Can speeches ruin Oscar campaigns? |

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Can speeches ruin Oscar campaigns?


Over the last 10 days I’ve heard a lot of people, in the Academy and otherwise, bad-mouthing Kate Winslet and Anne Hathaway for their emotional acceptance speeches at this month’s Golden Globes and Critics Choice awards, respectively. Upon sharing the Critics Choice prize with her idol, Meryl Streep, Hathaway – who certainly meant to say this a bit more artfully – said it was “fitting” that she tied for the prize with Streep since she thought the Doubt star was the best actress around. But it came off condescending to all the other actresses in the room, particularly her category-mates like Angelina Jolie and Melissa Leo. The usually composed Winslet, meanwhile, nearly had a heart attack when she won her two Golden Globe prizes. To many people, the reactions seemed over-the-top. Or worse, fake.

Now, I’m of two minds about this. On the one hand, I understand why Hathaway and Winslet would be emotional about their victories. I can’t even begin to imagine how many times, in interviews and in regular conversations, Hathaway has talked about how Rachel Getting Married seems like her bid to be a “serious” actress. Or how many times Winslet, who worked so hard on Revolutionary Road and The Reader, had been reminded that she’d never won a big award like an Oscar or a Globe. So it must have been overwhelming for both of them to hear their names called. But on the other hand, let’s remember that both of these awards are handed out by groups of journalists, for God’s sake – people that big stars like Hathaway and Winslet usually don’t give a hoot about. Why should they then fall to pieces over what those journalists think about them? Particularly in comparison to Laura Linney, who accepted her Globe for John Adams with such understatement and class, it was very surprising.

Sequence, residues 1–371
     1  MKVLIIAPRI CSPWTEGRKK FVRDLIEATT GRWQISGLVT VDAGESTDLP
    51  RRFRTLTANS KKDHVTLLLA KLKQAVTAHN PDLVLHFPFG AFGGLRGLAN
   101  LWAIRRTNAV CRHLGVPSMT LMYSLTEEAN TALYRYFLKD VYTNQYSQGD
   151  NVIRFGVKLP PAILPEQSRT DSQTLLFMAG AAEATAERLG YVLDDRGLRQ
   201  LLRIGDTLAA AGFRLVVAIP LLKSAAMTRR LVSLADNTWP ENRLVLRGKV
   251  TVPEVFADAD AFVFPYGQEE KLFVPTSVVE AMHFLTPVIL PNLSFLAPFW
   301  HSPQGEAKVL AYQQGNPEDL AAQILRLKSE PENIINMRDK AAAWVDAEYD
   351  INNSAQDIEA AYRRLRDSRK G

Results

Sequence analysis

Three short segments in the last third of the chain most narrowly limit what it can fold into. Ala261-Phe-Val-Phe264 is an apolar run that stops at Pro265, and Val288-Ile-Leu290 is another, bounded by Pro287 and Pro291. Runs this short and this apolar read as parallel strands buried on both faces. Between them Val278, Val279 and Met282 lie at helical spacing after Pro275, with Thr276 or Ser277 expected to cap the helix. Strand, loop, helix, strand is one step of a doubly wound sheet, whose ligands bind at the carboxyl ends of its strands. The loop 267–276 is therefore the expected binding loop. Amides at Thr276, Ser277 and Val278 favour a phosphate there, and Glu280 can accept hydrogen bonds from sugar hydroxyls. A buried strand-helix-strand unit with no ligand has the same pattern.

But here’s the question: Should award contenders’ speeches at pre-Oscar ceremonies affect how many votes they get from the Academy? Or should it be simply about their performances and nothing else? Regardless of what you think, apparently at least a few Oscar voters are now less likely to vote for Hathaway and Winslet. Maybe Streep did herself a big favor by skipping the Critics Choice ceremony.

addCredit(“Paul Drinkwater/NBC”)

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